John Weeks has a new book out, The Debt Delusion, which takes a progressive line in debunking a number of what he terms the myths that surround fiscal policy.
Weeks is an Emeritus Professor of Development Studies at SOAS, and coordinator of the Progressive Economy Forum. He is heavily critical of austerity and proposes an ‘anti-austerity’ agenda on tax and spending for today’s policymakers.
Weeks has long been critical of mainstream economics in general, not least in his previous book for the layman, Economics of the 1%.
Another excerpt in this occasional series from Michael Hudson’s heterodox ‘dictionary’ J is for Junk Economics (2017, p.72):
“Debts that can’t be paid, won’t be”: Over time, debts mount up in excess of the ability of wide swathes of the economy to pay, except by transferring personal and public property to creditors.
The volume of debt owed by businesses, families and governments typically is as large as gross domestic product (GDP) – that is 100%. If the average interest rate to carry this debt is 5%, the economy must grow by 5% each year just to pay the interest charges. But economies are not growing at this rate. Hence, debt service paid to the financial sector is eating into economies, leaving less for labor and industry, that is, for production and consumption.
Greece’s debt has soared to about 180% of GDP. To pay 5% interest means that its economy must pay 9% of GDP each year to bondholders and bankers. To calculate the amount that an economy must pay in interest (not including the FIRE* sector as a whole), multiply the rate of interest (5%) by the ratio of debt to GDP (180%). The answer is 9% of GDP absorbed by interest charges. If an economy grows at 1% or 2% – today’s norm for the United States and eurozone – then any higher interest rate will eat into the economy.
Paying so much leaves less income to be spent in domestic markets. This shrinks employment and hence new investment, blocking the economy from growing. Debts cannot be paid except by making the economy poorer, until ultimately it is able to pay only by selling off public assets to rent extractors. But privatization raises the economy’s cost of living and doing business, impairing its competitiveness. This process is not sustainable.
The political issue erupts when debts cannot be paid. The debt crisis requires nations to decide whether to save the creditors’ claims for payment (by foreclosure) or save the economy. After 2008 the Obama administration saved the banks and bondholders, leaving the economy to limp along in a state of debt deflation. Economic shrinkage must continue until the debts are written down.
Thomas Palley, a post-Keynesian economist, here provides a critique of recent policy proposals by US Democratic politicians employing some ideas from Modern Monetary Theory. They variously want to fund programmes such as universal healthcare and a ‘Green New Deal’, financed to a large degree by increased government borrowing.
MMT, as a set of ideas, is an offshoot of post-Keynesianism, but is perhaps more straightforward to grasp when it comes to budget deficits and its opposition to austerity; hence its current popular appeal. Continue reading →
Donald Trump’s signature policy of 2017, the so-called Tax Cuts and Jobs Act, cut taxes sharply for the richest earners and corporations. As so often in recent decades, many Republicans claimed that this would pay for itself via the increased revenue generated by faster economic growth, which would incorporate higher investment and higher wages for ordinary Americans. There would therefore be little need to cut spending to prevent the deficit from rising.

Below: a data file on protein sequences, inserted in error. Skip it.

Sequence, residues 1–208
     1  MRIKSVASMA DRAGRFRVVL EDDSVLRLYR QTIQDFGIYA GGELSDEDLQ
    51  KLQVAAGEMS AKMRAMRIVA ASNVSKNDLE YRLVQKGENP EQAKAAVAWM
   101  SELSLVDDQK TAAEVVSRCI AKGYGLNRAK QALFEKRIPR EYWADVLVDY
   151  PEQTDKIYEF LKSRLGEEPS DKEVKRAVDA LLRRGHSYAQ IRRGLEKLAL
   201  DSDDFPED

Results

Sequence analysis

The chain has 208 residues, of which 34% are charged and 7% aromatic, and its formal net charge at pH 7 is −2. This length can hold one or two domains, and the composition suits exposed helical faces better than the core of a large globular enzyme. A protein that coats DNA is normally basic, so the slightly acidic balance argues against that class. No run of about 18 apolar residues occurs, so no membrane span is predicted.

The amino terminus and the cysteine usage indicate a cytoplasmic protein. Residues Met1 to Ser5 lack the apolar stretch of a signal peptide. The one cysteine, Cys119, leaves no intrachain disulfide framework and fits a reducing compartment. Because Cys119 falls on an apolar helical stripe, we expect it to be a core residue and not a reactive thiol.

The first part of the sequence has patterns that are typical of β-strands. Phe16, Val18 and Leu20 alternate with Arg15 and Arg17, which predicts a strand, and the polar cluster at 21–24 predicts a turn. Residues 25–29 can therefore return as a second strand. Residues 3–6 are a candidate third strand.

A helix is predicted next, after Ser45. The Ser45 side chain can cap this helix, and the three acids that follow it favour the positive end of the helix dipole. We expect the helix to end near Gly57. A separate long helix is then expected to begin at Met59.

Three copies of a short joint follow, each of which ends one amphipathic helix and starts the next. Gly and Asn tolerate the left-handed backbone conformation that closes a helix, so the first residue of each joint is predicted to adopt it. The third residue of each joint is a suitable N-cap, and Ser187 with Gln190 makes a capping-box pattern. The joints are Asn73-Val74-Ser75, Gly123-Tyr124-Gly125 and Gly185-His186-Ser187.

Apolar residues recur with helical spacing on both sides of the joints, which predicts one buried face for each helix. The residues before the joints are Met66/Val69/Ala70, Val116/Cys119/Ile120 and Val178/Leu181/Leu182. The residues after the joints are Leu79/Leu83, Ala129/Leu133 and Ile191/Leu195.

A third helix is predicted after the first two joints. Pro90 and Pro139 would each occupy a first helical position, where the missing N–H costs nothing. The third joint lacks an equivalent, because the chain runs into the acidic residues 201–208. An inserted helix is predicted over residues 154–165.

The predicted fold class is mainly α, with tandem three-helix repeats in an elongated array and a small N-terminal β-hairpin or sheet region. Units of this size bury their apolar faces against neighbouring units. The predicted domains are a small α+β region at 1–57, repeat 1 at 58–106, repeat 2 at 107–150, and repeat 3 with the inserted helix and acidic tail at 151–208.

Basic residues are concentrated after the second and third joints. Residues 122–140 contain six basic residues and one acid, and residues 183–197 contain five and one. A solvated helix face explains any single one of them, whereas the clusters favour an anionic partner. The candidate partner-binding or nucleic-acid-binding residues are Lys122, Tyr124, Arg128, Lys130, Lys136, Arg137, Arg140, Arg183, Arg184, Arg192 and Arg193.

Such supply-side policies are part of the essence of ‘trickle-down’ economics, which boils down to the argument that making the richest members of society richer will make everyone richer, including those at the bottom. As with previous such policies, this remains to be seen, but the signs are not good.
On the other hand the US budget deficit is rising and is set to rise further. The national debt is also now growing faster than previously. While growth has been stimulated for a while, perhaps more from the demand-side than the supply-side, it seems that it is now slowing once more. This is a long way from the vaunted economic miracle from the President’s State of the Union address. Continue reading →
The Levy Economics Institute of Bard College is ostensibly non-partisan but much of its published output is in the post-Keynesian tradition, and inspired by the work of Hyman Minsky and Wynne Godley, who both worked at the Institute in their later years. Continue reading →
Despite a brief revival, the world economy is slowing again. A more sustained recovery will require international cooperation to reduce external imbalances in a way that reduces unemployment and maintains low inflation.
This post explores the role of the role of internal and external balance (or lack thereof) in helping us find a return to a more sustainable prosperity. These ideas form much of the theoretical content of The Leaderless Economy by Peter Temin and David Vines, which was published in 2013.
So do we need another policy scheme for restoring global prosperity? I would argue that we do. Global growth picked up in 2017 but, apart perhaps from the US, has begun to falter recently, not least in the UK, but also in continental Europe. Many economies have accumulated high levels of private and public debt, and have made little progress in reducing them. Continue reading →